Job seekers will find little good news in the latest quarterly survey of corporate chief financial officers with the finance execs’ optimism about the economy declining after two consecutive gains.

“Hiring will be minimal – less than 1 percent over the next year,” Duke University and CFO Magazine warn in the report, which was issued Wednesday.

Meanwhile, CFO optimism about their own firm’s prospects and that of the overall U.S. economy declined after increasing the past two quarters.

“CFOs are telling us we are stuck at 9 percent unemployment for the next year,” said Campbell Harvey, a professor of finance at Duke’s Fuqua School of Business and founding director of the survey, in a statement. “One leg of the economy is shackled by extraordinarily high unemployment and the other by the housing market still in a free fall. Obviously, it is hard for the economy to move forward.”

The Duke-Fuqua survey was somewhat more positive than the American Institute of Certified Public Accountants and UNC-CH that was issued last week.

The percentage of optimistic execs fell to 33 percent from 48 percent the previous quarter, while pessimism grew to 27 percent, up nine percentage points. (Read details here.)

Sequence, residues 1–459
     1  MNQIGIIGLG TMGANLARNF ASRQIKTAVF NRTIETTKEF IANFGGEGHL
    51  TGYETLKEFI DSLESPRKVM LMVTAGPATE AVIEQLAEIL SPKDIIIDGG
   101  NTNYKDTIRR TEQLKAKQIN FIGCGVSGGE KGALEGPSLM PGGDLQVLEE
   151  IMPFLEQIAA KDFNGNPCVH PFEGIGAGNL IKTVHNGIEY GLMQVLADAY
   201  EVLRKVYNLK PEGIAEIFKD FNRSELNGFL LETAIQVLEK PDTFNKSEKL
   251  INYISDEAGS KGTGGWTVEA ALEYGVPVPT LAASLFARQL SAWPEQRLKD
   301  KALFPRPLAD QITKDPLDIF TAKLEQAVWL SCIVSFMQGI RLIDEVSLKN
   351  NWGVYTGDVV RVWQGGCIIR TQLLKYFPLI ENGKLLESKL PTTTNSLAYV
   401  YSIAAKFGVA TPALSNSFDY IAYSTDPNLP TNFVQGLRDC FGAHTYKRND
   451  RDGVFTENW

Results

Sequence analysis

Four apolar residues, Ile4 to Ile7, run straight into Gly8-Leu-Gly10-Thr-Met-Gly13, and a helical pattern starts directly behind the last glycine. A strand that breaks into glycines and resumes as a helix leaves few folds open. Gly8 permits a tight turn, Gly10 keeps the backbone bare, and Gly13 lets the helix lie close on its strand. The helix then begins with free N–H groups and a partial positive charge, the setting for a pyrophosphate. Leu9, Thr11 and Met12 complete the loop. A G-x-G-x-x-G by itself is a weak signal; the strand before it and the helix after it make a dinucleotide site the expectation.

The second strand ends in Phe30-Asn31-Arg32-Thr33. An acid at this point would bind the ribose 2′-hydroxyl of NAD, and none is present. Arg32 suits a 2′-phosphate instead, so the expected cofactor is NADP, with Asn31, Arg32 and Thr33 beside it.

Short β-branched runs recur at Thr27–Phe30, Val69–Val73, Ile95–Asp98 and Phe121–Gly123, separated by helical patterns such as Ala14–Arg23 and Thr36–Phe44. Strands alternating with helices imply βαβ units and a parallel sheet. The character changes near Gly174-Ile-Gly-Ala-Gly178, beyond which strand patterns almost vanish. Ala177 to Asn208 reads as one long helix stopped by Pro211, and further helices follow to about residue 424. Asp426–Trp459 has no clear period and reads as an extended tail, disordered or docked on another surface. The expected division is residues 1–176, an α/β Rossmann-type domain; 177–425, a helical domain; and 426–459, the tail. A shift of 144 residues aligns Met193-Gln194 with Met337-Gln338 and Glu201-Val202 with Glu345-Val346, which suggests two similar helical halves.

With North Carolina and U.S. unemployment above 9 percent, little change is expected by CFOs over the next year. The CFOs project a 0.7 percent increase in employment with fewer than 100,000 jobs expected to be added each month.

An estimated 300,000 new jobs are needed per month to drive down unemployment and some 125,000 to handle an expanding population, according to various economists.

Some 21 percent of companies are planning to add workers, with demand highest in technology, retail and wholesale as well as energy.

Workers most in demand include engineers, product development, sales and finance.

One problem for companies is difficulty in finding skilled workers with almost 10 percent saying they would like to hire “but cannot find employees with the right skills.”

“Overall, there is pent-up demand to increase workforce, but firms continue to hold off due to a generally weak economic environment and an inability to find the skills they need,” said Kate O’Sullivan, deputy editor at CFO Magazine. “One encouraging sign is that the strong capital spending growth of recent quarters is expected to add to employment.”

Some good signs for people who are working include: CFOs say pay raises will be in the range of 3 percent this year; and some benefits that were cut or reduced in the recession will be restored.

More than 800 CFOs participated in the survey.

CFO optimism about the overall economy fell to 61 from 57 on the survey’s 100-point scale.

“The declining optimism may be due to concerns about the continued shaky economic outlook in the U.S., the ongoing sovereign debt crisis in Europe, the disaster in Japan and high oil prices, among other factors,” Duke and CFO said.

Corporate earnings and capital spending are expected to increase 8 percent and 9 percent respectively. Capital spending forecast is down from 12 percent the previous quarter.

Among international firms, optimism fell in China and Asia while remained stable in Europe.

Read more details about the survey here.

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